We used to buy a car knowing that would be the exact car we drove around in for years, but these days our cars can evolve with the latest software updates long after we’ve bought them. Take the Tesla owner, who simply allows the supplier to update the car with the most recent software version or the new required safety level whenever it becomes available—in that respect, driving a Tesla and working in the Cloud are fairly comparable.
Webinar – What, Why and ROI of an IWMS
In this co-hosted webinar, Verdantix shares the potential ROI of an IWMS. In addition, they share a framework on how to develop a numbers-driven business case for an IWMS implementation. Planon elaborates on the benefits clients have seen by implementing an IWMS.
To illustrate that comparison, let’s look at how we used software the old way. Previously, an organization’s IT department was responsible for pretty much everything involving computers. From installing software updates to troubleshooting and repairing breakdowns, everything landed on the IT department’s plate. But now many organizations have made the move to the Cloud, so software and hardware management can be outsourced. The consequence for the traditional IT department is that their duties have changed significantly.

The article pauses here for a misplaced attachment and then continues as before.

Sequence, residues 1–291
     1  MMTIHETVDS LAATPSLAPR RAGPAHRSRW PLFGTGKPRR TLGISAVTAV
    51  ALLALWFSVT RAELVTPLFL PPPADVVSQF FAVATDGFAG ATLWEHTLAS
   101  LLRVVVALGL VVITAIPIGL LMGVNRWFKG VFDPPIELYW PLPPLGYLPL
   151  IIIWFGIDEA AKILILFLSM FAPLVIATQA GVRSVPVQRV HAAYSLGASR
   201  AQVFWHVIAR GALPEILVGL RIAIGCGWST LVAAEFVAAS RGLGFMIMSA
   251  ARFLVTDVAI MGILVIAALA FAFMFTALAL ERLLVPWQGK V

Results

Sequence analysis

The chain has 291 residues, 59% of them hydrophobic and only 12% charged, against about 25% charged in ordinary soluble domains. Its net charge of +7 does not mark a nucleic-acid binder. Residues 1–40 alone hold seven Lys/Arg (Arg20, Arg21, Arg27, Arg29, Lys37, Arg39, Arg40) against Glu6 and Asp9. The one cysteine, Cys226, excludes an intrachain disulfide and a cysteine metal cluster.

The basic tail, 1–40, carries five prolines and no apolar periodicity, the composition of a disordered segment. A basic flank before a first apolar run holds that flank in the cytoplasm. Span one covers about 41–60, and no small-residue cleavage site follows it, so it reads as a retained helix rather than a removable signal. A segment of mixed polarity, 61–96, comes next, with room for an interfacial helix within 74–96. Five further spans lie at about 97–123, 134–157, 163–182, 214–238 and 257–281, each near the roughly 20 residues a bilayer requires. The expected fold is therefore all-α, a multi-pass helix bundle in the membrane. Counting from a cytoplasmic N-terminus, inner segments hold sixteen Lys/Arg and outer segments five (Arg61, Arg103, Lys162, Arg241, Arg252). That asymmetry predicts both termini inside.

The role of the IT is changing
Naturally, many IT professionals anticipated this change with concern. However, I think that the introduction of working in the Cloud has turned out to be a wonderful opportunity for IT professionals. They continue to play a central role in ensuring that the transition to the Cloud runs smoothly. And because the end-user in the front office doesn’t see how a specific service is delivered, it’s particularly important for the IT department that the integration works well.
While other departments, such as facility mangers choose cloud-based software solutions according to the functionalities they need, the IT department must stay involved in the decision-making process to ensure the solution chosen is compliant and compatible for integration with the corporate network.
Working in the Cloud is more efficient
Cloud implementation gives the IT department more time to achieve integration with Central User Management or Single Sign-on (SSO), for example, or to conduct security audits that previously fell by the wayside because of time pressure. The Cloud is an opportunity to work more efficiently, because IT no longer has to worry about whether software is up-to-date, or that security is in order—because that is now the responsibility of the Cloud provider. An organization’s IT department now has more time to focus on what they want: the organization’s core business processes.
Essentially, the Cloud provider has become similar to suppliers of the modern car. The manufacturer delivers the same model to everyone, and the consumer adds the supplementary features that appeal to him or her. In both instances, the manufacturer is able to monitor whether updates are needed—remotely and regularly. In the event of problems, the supplier can take immediate action, so that a problem or bug is often fixed even before the client encounters it. In the case of the Tesla, the driver really only has to concentrate on driving and enjoying the experience. That’s the way we’d really like to work. Including in the Cloud.
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